Tag Archives: Mother

The Choco-Coffee from Lillian to Her Mother

The Choco-Coffee from Lillian to Her Mother

I am currently reading The School of Essential Ingredients by Erica Bauermeister. I am a voracious reader and a foodie. When a book caters to both the senses, how can I not fall in love with it? At the point where I am reading now, Lillian has prepared a drink for her mother who has her head stuck in a book all the time to escape the reality. The girl just wants to bring her mother back to being herself and prepares delicacies to entice her. In one such attempt, Lillian prepares a drink and I thought why not I try this on my own because the recipe looked simple enough and I am no Julia Child. But Lillian is someone who doesn’t follow any recipe and goes by instinct. So, let me tell you how my little culinary adventure turned out.

Given below (sounds so academic) is the comparison of what Lillian did and what I tried.

Lillian’s Recipe (You can’t actually call this a recipe)

My Deed

Put milk in a saucepan. Use real milk, the thick kind. Half a litre of Goodlife milk by Nandini poured into a saucepan.
Make orange curls. Set aside. I don’t know how to get curls of orange peel! So I grated the outer peel carefully avoiding the inner white layer. White layer gives bitter taste.
Break the cinnamon in half. About 2-3g of cinnamon stick.
Add orange peel and cinnamon to milk. Added to the milk in the saucepan.
Grate the chocolate Grated about 18-20g of plain Cadbury’s Dairy Milk chocolate into the milk.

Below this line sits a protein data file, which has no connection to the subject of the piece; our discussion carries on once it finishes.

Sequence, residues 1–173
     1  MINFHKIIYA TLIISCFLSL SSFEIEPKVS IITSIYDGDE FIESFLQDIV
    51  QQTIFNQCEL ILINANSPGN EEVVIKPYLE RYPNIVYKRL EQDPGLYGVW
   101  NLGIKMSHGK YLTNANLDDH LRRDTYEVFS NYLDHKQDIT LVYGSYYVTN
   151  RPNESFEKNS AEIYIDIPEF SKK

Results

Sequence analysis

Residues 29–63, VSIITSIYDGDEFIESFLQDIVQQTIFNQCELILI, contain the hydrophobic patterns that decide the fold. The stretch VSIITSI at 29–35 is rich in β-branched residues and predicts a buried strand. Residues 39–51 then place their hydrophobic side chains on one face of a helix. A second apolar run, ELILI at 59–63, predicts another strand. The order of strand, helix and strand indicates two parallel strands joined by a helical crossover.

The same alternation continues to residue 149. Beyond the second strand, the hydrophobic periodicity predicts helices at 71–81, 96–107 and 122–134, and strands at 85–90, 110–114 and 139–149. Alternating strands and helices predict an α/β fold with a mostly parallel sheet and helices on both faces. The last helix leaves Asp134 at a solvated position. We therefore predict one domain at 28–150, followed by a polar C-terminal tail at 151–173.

Add anise. Just a touch. Added about 1g of anise powder into the milk.
Let it simmer until it all comes together. You will know when it does. Yes, let it simmer. When all the chocolate melts and you get a faint aroma of spices, that is when you know it is done. By then, the milk would have reduced to half of the original quantity.
Use your wand (what she means by wand is a spatula). I used a spoon. Keep stirring otherwise a layer of cream/fat forms on the surface spoiling the taste.
Now add that to your coffee. I added about 5-6g of Bru instant coffee mix to the milk and filtered it to remove cinnamon piece and orange peels.
Top with whipping cream for softness. Fresh cream from Milky Mist helped. I added 50g of the whipped cream to each of the two mugs.
Serve. One mug for myself and another for my mother.

I have to mention here, Lillian did not filter the contents to separate the cinnamon stick and orange peel. She used a spoon to hold them back as she poured her preparation into mugs. I just made my work easy. Also, Lillian’s coffee was already prepared. Considering it had sugar in it, sugar for my choco-coffee came from the Dairy Milk chocolate.

About the drink, it turned out to be yummy. I am not a fan of coffee or tea, but this tasted good. If you don’t trust me, then ask my mom. On some days, she survives on coffee when I pester her a lot.  I don’t know what this is called. Lillian hasn’t named it in the novel. I will just call it choco-coffee. Simple enough for a person who is not much into the world of coffee. If you don’t add cream and whip the drink itself, I guess it turns into a cappuccino. People who drink it regularly would know better. Do let me know if both are same. And the picture doesn’t show pretty patterns on the drink. Bear with it.

The Choco-Coffee from Lillian to Her Mother

The Choco-Coffee from Lillian to Her Mother

Wallet

Wallet

“Watch?”